Quail: These small birds pack a lot of flavour for their size and are very versatile: try covering them in a spiced yoghurt marinade before roasting, or grilling until crisp to serve with a dollop of golden, wobbly aioli. As the flesh of these delicate birds bruises easily, ours are handpicked to ensure they’re in top condition. We sell both bone-in and boneless versions. 

 

Wood Pigeon: This abundant game bird is for those who enjoy deep autumn and winter flavours such as dark fruits, roasted onions and deep, glossy sauces. A fun alternative to traditional poultry such as chicken, the flavour of wood pigeon is generally at its best from October to January. 

 

Squab Pigeon: This young, plump, domesticated pigeon is reared and slaughtered to traditional methods, retaining blood within the bird and enhancing the flavour. Available all year round, it has a milder flavour that’s closer to chicken than wood pigeon - a great introduction for those new to pigeon, or cooks seeking a lighter flavour to complement other ingredients. 

 

Small Game Stocked at Fine Food Specialist 

 

Wild Rabbit: Rabbit is a light, mild flavoured meat, which makes it very versatile. Serve with a creamy cider and mustard sauce, seasonal mushrooms such as girolles or in a pie with lardons of bacon and peas. We also stock farmed rabbits - a lean, healthy protein alternative.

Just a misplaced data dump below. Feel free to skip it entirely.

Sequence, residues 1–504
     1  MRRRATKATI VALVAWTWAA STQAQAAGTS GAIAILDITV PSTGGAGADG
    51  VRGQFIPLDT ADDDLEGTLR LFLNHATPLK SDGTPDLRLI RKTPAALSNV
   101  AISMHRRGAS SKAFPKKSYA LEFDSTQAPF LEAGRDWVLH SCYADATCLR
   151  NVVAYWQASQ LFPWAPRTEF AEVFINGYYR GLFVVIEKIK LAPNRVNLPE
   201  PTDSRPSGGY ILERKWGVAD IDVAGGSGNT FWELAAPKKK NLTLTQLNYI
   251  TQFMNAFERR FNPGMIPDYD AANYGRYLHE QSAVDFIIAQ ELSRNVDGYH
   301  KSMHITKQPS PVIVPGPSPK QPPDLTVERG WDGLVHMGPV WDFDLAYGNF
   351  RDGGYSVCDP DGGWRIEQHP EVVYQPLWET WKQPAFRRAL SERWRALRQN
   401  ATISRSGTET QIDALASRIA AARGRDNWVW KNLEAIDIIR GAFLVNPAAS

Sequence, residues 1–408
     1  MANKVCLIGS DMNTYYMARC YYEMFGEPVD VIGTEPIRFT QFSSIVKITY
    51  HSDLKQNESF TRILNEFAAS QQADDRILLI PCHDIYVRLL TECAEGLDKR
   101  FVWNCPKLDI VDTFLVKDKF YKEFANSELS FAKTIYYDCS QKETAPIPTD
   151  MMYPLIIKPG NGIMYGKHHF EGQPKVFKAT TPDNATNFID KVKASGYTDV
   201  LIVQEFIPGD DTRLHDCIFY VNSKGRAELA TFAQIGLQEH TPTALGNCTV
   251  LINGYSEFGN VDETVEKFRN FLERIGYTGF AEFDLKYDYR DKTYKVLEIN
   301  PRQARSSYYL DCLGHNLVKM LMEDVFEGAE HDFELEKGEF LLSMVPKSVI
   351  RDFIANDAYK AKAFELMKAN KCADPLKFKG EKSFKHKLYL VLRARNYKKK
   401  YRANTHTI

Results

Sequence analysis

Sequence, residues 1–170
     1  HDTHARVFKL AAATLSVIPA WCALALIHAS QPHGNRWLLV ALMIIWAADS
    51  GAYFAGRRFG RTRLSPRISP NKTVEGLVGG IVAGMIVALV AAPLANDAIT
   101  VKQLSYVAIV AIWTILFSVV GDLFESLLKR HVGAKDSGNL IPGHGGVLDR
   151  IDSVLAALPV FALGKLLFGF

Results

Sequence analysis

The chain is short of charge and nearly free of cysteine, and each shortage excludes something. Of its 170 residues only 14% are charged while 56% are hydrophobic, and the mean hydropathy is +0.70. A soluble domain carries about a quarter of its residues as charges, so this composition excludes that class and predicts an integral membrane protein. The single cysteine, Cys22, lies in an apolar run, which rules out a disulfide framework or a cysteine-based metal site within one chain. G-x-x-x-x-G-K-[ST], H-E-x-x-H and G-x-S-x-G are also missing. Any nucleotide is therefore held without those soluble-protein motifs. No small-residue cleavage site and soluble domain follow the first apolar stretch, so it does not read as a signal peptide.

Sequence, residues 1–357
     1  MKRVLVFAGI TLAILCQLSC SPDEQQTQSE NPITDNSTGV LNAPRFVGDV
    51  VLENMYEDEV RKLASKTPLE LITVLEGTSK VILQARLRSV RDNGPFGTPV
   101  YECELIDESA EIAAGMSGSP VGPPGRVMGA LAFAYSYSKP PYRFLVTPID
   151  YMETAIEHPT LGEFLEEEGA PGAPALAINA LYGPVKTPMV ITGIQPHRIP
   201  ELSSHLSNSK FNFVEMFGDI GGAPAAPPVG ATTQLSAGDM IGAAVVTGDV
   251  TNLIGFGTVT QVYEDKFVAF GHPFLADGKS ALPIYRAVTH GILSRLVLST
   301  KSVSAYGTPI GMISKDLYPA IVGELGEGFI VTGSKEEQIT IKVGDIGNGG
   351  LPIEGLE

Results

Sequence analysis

Hare: Larger than rabbit, hare is an ingredient for the true game aficionado due to its intense, robust flavour. ‘Jugged hare’ is a famous traditional recipe, which saw hare cooked inside a jug in a pan of water, but modern recipes use a plain old casserole dish. Hare can also be used to make a fabulous terrine, or a hearty pie topped with fluffy mashed potato. 

 

Big Game Stocked at Fine Food Specialist 

 

Venison: Available from October to December, venison is a classic flavour of the season. Try a whole saddle for the most prized tender meat, or a haunch for a leaner alternative to steak. Our venison comes from Aynhoe Park in Oxfordshire, a 24 acre estate which provides plenty of space and natural food for the deer to enjoy.  

 

Which flavours work best with game?

 

Game comes into season in the autumn, so choose rich, sweet flavours to serve alongside: warming spices, caramelised vegetables, reduced sauces and berry fruits. Woody herbs such as rosemary and thyme will complement the robust flavour of the meat, so add those to your sauces or stuff inside small birds with some garlic and/or onion. Try roasting autumnal vegetables such as butternut squash or beetroot to serve alongside small birds or add a simple side of buttered greens. 

 

Juniper is a popular flavouring for game sauces, and it pairs well with orange to make a sauce, particularly for duck. In fact, fruit generally works well as it brings a touch of sweetness to balance the strong flavoured meat; try blackberries or cherries in a sauce for venison or duck, using one of our rich reduced veal or chicken stocks to ensure you achieve optimal depth of flavour. A stuffing of mushrooms and dried apricots is also perfect for small birds like quail. 



Game Recipes from Drogo’s Kitchen 


Wood Pigeon Breast with Savoy Cabbage and Brussels Sprouts 

 

 

2 months ago